Yet that hasn’t slowed yield-happy investors as they move into the sovereign debt of small countries in eastern Europe and elsewhere. Serbia’s 51 percent ratio of debt to gross domestic product is well below those of western Europe and its inflation-adjusted bond yield exceeds 10 percent. The average debt-to-GDP ratio for the 27-country European Union was 83 percent at the end of the first quarter. Spain’s government expects an 85 percent ratio this year and almost 91 percent for 2013. Hungarian bond yields are down from 10 percent last year though they still pay more than 6 percent. In contrast, Barclays Global Treasury Universal index, which is heavily weighted toward large countries, yields 2.7 percent.
An important reason that small markets offer large bond yields is because they tend to be illiquid, especially in times of strain. This was seen clearly in the Asian and Russian debt crises of the late 1990s. This led to jokes that an emerging market was one you can’t emerge from in an emergency.
As for commodities, I continue to regard them as speculation, not an asset class with a strong upward price trend. I am well aware of the often-repeated reasoning that commodity prices must go up in the long run. There are only so many tons of minerals in the Earth’s crust, and they are more and more expensive to recover. There is only so much arable land to grow food for the world’s exploding population. Diets will be upgraded to contain more meat as countries develop, requiring more crops to feed the animals. More and more people in developing countries will soon be driving cars. This will require metals to build the automobiles, energy to fuel them and cement for the roads they will travel on.
Crude oil has long been the darling of the commodity-shortage crowd, and when its price rose to $145 per barrel in July 2008, many became convinced that the world would soon run out of oil.
This “peak oil” crowd was sure that no big economically feasible oil fields remained to be found, so new finds would continue to fall short of demand increases. What they discounted is that reserves are often underestimated because oil fields produce more than original conservative estimates. Nor did they expect significant substitution for petroleum from conventional and shale natural gas, liquefied natural gas, the oil sands in Canada, heavy oil in Venezuela and elsewhere, oil shale, coal, hydroelectric power, nuclear energy, wind, geothermic, solar, tidal, ethanol and biomass energy, and fuel cells.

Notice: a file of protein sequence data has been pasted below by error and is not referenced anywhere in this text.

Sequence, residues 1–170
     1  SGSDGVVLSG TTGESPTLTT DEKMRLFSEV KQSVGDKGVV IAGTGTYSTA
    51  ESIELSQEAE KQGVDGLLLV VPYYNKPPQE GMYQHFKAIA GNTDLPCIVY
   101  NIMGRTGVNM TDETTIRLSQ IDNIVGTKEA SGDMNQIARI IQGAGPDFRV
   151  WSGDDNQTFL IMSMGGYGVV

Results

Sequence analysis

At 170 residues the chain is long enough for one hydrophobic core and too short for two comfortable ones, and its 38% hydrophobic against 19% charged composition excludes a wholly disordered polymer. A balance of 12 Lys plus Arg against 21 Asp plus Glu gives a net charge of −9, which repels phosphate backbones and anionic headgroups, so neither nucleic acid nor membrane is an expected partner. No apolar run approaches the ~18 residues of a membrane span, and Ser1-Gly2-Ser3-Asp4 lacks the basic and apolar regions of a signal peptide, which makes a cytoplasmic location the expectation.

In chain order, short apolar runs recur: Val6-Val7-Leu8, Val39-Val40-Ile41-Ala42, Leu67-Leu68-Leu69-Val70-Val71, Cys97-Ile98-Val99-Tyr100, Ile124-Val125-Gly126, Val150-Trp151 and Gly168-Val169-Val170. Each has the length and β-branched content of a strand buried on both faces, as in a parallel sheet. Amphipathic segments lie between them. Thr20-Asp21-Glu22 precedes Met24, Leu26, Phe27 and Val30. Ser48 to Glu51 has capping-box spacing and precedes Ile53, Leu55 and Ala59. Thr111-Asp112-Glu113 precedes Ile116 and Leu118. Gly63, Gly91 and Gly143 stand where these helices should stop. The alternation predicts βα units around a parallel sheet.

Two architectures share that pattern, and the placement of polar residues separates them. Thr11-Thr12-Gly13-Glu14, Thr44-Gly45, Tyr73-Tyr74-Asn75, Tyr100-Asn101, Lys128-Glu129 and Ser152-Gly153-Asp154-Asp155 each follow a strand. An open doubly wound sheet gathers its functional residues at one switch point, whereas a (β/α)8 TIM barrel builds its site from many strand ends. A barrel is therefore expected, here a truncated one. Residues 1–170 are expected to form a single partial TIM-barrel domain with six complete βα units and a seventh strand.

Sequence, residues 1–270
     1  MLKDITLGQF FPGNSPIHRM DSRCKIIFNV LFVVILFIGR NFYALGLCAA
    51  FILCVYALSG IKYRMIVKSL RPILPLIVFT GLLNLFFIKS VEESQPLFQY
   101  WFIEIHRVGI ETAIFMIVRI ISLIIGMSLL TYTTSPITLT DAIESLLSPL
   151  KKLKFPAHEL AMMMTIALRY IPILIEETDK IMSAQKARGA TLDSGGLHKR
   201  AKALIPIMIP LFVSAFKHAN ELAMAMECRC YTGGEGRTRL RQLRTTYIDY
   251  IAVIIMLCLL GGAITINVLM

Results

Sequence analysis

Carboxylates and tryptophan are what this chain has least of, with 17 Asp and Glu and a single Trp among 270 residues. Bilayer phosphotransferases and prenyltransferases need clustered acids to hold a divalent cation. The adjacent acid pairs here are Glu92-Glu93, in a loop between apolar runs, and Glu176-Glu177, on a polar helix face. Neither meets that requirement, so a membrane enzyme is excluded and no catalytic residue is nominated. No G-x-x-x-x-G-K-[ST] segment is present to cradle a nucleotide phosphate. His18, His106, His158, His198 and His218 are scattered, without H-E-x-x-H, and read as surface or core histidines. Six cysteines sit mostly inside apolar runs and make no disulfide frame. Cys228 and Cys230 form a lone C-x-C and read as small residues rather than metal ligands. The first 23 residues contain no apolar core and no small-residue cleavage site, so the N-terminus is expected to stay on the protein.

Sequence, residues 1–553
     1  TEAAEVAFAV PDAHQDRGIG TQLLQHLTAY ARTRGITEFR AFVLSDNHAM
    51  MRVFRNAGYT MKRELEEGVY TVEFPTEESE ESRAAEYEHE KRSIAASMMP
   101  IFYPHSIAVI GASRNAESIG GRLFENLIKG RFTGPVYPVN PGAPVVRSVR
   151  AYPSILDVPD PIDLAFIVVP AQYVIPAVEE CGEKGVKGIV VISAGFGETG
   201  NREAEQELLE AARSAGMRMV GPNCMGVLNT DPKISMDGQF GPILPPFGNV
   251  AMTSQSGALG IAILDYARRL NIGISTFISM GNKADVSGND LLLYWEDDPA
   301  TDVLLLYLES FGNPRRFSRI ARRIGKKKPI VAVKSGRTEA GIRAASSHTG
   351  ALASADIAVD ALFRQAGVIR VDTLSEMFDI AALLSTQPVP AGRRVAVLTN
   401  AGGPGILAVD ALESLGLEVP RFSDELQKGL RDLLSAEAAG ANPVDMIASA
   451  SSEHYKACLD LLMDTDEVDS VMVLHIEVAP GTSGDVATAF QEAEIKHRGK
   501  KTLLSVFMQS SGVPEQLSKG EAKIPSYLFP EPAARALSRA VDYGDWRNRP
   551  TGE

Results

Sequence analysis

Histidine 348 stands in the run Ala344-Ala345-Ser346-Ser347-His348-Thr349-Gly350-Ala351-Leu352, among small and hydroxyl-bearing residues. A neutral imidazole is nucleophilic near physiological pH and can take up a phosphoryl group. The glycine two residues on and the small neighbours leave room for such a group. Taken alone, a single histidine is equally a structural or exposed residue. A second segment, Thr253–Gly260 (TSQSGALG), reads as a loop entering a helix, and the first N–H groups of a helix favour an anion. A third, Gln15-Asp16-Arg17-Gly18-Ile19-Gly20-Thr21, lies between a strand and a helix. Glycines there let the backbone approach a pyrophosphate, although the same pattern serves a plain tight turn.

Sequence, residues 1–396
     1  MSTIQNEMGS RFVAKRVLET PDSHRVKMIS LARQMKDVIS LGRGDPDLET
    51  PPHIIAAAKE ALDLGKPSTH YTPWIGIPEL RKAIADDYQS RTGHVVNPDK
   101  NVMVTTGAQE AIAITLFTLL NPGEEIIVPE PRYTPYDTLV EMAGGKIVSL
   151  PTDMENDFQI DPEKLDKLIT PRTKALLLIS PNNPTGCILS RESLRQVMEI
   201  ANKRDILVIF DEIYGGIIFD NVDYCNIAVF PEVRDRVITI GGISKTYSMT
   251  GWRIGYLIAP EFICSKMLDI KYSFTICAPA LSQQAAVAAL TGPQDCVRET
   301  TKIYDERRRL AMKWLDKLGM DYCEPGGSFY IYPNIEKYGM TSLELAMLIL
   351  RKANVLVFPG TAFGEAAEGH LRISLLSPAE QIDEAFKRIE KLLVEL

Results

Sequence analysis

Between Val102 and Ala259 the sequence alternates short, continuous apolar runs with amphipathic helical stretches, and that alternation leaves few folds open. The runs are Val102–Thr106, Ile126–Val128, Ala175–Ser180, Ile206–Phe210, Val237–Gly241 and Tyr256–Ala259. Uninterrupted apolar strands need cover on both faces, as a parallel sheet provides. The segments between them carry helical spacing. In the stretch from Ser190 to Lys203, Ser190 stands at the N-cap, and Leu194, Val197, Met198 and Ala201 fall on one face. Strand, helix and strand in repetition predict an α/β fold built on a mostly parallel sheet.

Yet human ingenuity and substitutes have always overcome shortages quickly. New extracting techniques cut the cost of mineral production. Caterpillar Inc. recently introduced a mining shovel that lifts 120 tons, the equivalent of five pickup trucks. Joy Global Inc.’s new entry is even bigger, 135 tons.
Agricultural productivity increases as nations develop better seeds and fertilizers to be used on larger fields with efficient mechanized equipment. Improved breeding and veterinarian care reduce the cost of producing meat. The advent of plentiful natural gas from shale, the collapse in U.S. prices, and new crude oil finds have shattered the theory of a near-peak in global energy output.
Furthermore, for the past 150 years, during which the U.S. and then Japan rose to become major economies and users of commodities, real prices have been in a declining trend. Sure, the American Civil War, World War I and World War II created temporary demand increases, and the oil shocks in the 1970s slashed supply. But the related price surges were overcome quickly with real commodity prices returning to their long-term declining trend.
(In the final installment, I will examine some potential shocks to the system that could end the Grand Disconnect, as financial markets reconnect with faltering global economies.)
(A. Gary Shilling is president of A. Gary Shilling & Co. and author of “The Age of Deleveraging: Investment Strategies for a Decade of Slow Growth and Deflation.” The opinions expressed are his own. This is the fourth in a five-part series. Read Part 1, Part 2 and Part 3.)